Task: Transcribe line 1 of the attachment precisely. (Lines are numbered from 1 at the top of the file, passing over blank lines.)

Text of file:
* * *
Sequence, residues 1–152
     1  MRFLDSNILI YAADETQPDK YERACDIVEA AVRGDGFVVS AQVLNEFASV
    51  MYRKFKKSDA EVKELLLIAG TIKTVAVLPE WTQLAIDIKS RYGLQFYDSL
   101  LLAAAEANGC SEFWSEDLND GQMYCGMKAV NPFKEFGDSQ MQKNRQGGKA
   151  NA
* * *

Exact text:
Sequence, residues 1–152